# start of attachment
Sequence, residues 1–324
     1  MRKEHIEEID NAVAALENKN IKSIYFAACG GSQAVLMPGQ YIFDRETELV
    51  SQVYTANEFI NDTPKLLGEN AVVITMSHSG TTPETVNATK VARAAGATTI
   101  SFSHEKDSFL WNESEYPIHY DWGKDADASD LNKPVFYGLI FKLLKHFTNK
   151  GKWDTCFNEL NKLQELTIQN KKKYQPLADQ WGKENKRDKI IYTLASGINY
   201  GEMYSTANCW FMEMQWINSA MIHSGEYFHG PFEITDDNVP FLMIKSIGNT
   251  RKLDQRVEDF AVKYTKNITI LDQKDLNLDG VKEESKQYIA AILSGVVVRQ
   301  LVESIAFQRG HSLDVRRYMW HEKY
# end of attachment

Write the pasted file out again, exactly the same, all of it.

Sequence, residues 1–324
     1  MRKEHIEEID NAVAALENKN IKSIYFAACG GSQAVLMPGQ YIFDRETELV
    51  SQVYTANEFI NDTPKLLGEN AVVITMSHSG TTPETVNATK VARAAGATTI
   101  SFSHEKDSFL WNESEYPIHY DWGKDADASD LNKPVFYGLI FKLLKHFTNK
   151  GKWDTCFNEL NKLQELTIQN KKKYQPLADQ WGKENKRDKI IYTLASGINY
   201  GEMYSTANCW FMEMQWINSA MIHSGEYFHG PFEITDDNVP FLMIKSIGNT
   251  RKLDQRVEDF AVKYTKNITI LDQKDLNLDG VKEESKQYIA AILSGVVVRQ
   301  LVESIAFQRG HSLDVRRYMW HEKY